However, the five parties behind the motion fall short of a majority in parliament and the proposal’s future therefore looks uncertain.
The motion came a day after Swedish church leaders submitted a petition with 160,000 names to Migration Minister Barbro Holmberg calling for a more humane refugee policy.
The proposed amnesty would apply to about 13,000 asylum-seekers, as well as 2,800 others whose applications had been rejected but who could not be sent back to their countries of origin due to instability there.
It would also apply to some 18,000 people who have gone into hiding since their applications have been rejected.
Amnesty would be granted to any refugee who sought asylum by December 31, 2004 but who had still not received permanent residency as of December 1, 2005, and whose identity had been confirmed.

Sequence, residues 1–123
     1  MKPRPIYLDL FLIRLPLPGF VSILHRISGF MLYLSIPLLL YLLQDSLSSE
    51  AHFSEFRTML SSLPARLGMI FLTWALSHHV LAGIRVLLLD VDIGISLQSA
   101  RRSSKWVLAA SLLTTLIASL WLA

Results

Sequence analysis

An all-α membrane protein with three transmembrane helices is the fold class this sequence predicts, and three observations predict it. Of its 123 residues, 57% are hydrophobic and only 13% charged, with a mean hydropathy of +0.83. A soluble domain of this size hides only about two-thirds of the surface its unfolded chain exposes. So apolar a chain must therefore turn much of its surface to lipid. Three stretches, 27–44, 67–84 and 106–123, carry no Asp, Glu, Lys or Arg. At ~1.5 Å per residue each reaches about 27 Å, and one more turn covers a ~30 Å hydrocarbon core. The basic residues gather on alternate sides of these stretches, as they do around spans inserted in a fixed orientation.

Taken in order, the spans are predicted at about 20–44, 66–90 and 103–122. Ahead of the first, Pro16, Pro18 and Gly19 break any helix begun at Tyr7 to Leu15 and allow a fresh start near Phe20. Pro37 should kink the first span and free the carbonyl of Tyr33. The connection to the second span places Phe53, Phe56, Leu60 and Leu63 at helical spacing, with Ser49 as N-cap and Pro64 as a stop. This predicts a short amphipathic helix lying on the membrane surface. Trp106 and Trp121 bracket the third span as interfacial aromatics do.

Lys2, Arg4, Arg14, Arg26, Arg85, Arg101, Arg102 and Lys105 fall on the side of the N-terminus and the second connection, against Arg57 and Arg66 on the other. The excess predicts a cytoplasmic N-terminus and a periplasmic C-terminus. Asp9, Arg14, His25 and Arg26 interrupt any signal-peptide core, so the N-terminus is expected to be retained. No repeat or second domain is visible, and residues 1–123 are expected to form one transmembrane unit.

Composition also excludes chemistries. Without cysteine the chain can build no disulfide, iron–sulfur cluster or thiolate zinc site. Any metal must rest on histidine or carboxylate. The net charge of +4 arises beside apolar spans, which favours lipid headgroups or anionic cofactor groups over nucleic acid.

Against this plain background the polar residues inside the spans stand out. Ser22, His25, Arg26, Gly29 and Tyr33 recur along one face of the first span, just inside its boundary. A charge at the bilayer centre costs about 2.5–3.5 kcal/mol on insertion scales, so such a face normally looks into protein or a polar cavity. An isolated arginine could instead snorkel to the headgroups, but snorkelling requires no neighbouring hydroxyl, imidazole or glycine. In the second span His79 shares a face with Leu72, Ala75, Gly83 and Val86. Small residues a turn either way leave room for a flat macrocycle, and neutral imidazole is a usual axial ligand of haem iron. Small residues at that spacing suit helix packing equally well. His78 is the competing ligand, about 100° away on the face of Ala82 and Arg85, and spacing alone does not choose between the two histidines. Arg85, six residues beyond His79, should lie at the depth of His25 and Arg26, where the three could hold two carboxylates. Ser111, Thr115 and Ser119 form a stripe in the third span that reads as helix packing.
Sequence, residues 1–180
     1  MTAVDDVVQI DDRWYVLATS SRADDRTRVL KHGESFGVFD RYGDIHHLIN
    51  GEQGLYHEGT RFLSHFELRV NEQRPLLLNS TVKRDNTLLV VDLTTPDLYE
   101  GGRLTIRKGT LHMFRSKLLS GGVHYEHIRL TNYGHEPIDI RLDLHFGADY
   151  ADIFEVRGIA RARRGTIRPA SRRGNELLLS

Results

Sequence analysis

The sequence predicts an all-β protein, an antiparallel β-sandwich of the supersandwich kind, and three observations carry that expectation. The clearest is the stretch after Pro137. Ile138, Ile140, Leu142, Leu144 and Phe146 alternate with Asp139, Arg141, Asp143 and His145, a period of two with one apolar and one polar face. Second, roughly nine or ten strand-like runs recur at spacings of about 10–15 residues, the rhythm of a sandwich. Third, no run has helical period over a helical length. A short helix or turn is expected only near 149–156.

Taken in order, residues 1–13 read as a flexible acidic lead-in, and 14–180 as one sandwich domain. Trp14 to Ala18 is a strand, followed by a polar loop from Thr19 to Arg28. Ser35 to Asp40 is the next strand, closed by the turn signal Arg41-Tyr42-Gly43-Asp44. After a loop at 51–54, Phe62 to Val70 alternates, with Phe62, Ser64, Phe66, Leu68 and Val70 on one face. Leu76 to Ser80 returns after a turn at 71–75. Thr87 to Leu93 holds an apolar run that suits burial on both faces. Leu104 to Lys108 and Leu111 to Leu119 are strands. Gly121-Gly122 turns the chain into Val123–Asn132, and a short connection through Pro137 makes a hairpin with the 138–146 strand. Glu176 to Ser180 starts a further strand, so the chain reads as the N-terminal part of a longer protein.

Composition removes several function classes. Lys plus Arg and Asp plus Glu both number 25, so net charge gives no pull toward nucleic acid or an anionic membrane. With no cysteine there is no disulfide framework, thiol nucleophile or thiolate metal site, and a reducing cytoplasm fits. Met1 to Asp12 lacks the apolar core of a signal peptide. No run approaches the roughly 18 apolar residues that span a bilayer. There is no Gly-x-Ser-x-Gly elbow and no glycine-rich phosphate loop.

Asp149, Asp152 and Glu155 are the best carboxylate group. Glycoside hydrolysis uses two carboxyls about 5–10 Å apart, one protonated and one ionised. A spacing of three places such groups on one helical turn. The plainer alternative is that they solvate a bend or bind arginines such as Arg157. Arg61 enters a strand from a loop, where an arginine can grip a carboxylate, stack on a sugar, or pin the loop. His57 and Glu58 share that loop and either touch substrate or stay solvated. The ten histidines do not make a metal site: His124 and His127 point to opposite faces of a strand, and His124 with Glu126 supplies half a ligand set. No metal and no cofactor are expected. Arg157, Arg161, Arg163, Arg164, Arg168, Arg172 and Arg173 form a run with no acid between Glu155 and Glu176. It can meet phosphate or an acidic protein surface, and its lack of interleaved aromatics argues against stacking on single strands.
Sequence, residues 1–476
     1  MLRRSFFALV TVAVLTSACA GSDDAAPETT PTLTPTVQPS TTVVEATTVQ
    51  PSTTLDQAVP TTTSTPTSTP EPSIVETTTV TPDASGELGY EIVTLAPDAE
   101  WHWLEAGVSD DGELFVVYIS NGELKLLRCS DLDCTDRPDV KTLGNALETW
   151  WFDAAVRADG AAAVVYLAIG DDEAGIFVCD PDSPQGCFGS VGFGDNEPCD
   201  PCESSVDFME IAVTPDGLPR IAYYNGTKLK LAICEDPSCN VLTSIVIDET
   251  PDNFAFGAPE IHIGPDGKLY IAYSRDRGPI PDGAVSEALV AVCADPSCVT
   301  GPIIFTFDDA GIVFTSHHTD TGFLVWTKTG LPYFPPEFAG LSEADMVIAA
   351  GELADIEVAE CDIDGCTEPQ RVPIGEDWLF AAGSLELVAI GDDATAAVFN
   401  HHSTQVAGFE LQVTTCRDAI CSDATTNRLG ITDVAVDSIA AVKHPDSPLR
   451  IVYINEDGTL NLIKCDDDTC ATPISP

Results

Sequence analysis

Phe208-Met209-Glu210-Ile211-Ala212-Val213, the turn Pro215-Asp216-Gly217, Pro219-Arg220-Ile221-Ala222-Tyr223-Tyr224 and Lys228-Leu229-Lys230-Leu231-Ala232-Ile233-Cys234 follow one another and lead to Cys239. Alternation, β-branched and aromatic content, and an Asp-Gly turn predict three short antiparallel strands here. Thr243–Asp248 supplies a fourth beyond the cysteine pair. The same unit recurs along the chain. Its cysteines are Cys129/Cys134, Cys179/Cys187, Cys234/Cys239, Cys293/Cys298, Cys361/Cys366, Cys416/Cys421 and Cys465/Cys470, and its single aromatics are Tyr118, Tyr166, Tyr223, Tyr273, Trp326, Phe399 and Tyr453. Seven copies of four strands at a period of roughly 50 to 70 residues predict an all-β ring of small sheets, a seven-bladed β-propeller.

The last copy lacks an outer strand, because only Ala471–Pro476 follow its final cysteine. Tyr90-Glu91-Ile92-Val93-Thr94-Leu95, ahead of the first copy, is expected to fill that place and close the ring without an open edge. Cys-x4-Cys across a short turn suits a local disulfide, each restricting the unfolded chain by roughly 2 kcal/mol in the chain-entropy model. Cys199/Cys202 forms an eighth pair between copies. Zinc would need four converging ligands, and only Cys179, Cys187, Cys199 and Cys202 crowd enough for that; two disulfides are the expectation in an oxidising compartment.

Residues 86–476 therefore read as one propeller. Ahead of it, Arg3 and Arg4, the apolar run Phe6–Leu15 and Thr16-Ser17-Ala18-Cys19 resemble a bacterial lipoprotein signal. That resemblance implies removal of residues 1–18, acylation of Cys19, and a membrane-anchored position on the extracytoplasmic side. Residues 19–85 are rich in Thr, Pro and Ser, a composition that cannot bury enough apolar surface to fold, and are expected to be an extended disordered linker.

“These are people who have suffered through an inhumane asylum process,” a member of parliament for the Christian Democrats, Sven Brus, told TT.
The motion pointed out international criticism of Sweden’s asylum process, which has been blasted for being too lengthy and leaving refugees to live in a situation of uncertainty, sometimes for years.
“Sharp criticism has been forthcoming from United Nations’ bodies and from non-governmental organisations which promote human rights, because Sweden neglects its international commitments concerning refugees’ right to protection. The criticism has been justified,” the motion reads.’
The five parties behind the proposal are the Christian Democrats, Liberals, Left, Center and Greens, which together hold only 150 of 349 seats in parliament.
For the motion to be adopted, either of Sweden’s two largest parties, the ruling Social Democrats and the opposition conservative Moderate Party, would have to support it. (AFP)